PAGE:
Several teachers had to seek their own support because their mentor was not available or was not providing guidance regularly. But not all teachers had formal mentors, and those who wanted a mentor did not know where to find one.  

“So many teachers felt like they were on their own.” 

Mentors should be available to answer questions and provide advice when teachers need it,” Davis said.

As the teachers moved into their second year of teaching, more than half moved grade levels or districts. The primary reason teachers reported for these shifts was the lack of support during their first year of teaching.   

Like so many other issues in education, attention to mentorship suffered during the pandemic. The research team concluded that successful mentorship needs prioritizing and a systematic approach for teachers to have consistent support. After the pandemic, mentorships are even more critical with the resulting changes in protocols and technologies.    

“Mentors may benefit from some form of training so they can learn how to be effective in their mentoring,” Davis said. “Time and funding may be necessary to support mentors so they can support teachers.” 

This research is part of a longitudinal study following teachers through the first few years of teaching. The researchers’ goal is to find out how to best support novice teachers overall. 

Dr. Davis clasps a clipboard in one hand while leading a class of soon-to-be teachers.

Dedicated to helping teachers 

Early findings from this study were published in 2023 in Child Studies. This effort is only a fraction of the ways Davis helps new and future educators. 

“Dr. Davis consistently seeks to address issues important to pre-service and in-service teachers. She centers teachers’ needs in all her work,” Daley said.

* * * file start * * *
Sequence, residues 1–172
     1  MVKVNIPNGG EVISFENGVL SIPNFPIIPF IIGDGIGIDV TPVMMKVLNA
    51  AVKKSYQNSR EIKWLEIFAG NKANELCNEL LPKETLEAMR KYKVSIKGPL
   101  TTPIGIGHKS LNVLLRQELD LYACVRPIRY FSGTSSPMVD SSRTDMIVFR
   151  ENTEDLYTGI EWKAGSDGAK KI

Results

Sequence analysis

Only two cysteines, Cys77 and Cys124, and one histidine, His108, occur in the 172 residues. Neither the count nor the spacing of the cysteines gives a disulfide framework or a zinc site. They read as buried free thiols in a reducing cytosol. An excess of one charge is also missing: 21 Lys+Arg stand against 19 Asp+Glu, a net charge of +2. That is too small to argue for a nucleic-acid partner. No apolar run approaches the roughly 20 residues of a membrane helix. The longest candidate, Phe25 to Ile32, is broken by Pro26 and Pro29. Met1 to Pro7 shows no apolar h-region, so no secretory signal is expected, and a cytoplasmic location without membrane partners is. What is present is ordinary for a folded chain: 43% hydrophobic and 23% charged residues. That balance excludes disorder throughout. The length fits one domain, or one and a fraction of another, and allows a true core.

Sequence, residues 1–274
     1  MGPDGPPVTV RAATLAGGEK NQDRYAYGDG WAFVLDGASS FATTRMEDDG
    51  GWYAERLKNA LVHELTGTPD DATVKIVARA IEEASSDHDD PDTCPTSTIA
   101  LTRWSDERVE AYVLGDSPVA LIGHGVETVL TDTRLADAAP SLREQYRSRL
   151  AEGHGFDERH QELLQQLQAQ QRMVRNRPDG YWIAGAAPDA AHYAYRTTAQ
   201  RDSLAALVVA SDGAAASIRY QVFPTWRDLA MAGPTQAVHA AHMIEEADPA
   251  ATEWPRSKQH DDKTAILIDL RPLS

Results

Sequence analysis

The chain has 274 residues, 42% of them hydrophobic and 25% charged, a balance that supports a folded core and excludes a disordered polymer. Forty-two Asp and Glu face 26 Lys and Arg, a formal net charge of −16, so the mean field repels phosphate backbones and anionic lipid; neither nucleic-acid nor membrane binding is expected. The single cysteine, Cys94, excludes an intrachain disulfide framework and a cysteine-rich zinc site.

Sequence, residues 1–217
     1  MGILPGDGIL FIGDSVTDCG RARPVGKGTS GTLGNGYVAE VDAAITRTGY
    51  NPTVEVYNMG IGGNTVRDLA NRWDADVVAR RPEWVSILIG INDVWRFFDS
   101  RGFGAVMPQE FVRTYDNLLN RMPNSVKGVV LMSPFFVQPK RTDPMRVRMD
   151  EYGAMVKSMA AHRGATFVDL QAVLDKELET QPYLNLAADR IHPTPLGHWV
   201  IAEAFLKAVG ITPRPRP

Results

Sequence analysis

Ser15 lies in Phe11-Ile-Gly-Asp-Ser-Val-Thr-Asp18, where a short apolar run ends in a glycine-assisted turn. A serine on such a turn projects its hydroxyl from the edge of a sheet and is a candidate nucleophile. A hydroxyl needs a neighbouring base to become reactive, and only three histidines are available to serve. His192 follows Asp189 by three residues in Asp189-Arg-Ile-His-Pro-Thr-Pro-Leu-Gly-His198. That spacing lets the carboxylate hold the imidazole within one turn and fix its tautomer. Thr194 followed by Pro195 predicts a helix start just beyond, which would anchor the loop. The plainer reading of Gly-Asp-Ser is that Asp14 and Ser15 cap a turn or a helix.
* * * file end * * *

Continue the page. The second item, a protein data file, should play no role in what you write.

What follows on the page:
Davis puts her research into action by participating in projects such as MSU CODERS and facilitating School Scenario discussions in her courses.  

CODERS, or Computer Science Opportunities, Development and Education in Rural Schools, is a five-year grant project that provides computer science opportunities, development and education to rural schools. Through CODERS, a team of MSU faculty supports rural teachers to level the playing field with materials, tools, support and professional development to engage students in computer science, STEM and 21stcentury literacy. 

Her role as co-project coordinator complements her mentoring research. It is another way to help prepare educators so they can thrive in the classroom.

For her education students who are not yet fully in the field, Davis hosts School Scenario discussions.

“This involves me sharing stories of novice teachers and the obstacles they face as early career teachers and facilitating conversations of ways to best navigate these obstacles,” Davis said. 

She believes having discussions like these before the students’ first year of teaching is vital.

“Dr. Davis is fiercely committed to the professional development and well-being of aspiring and novice teachers,” Sydnor said. “Her research and teaching provide tangible evidence of this on a daily basis.”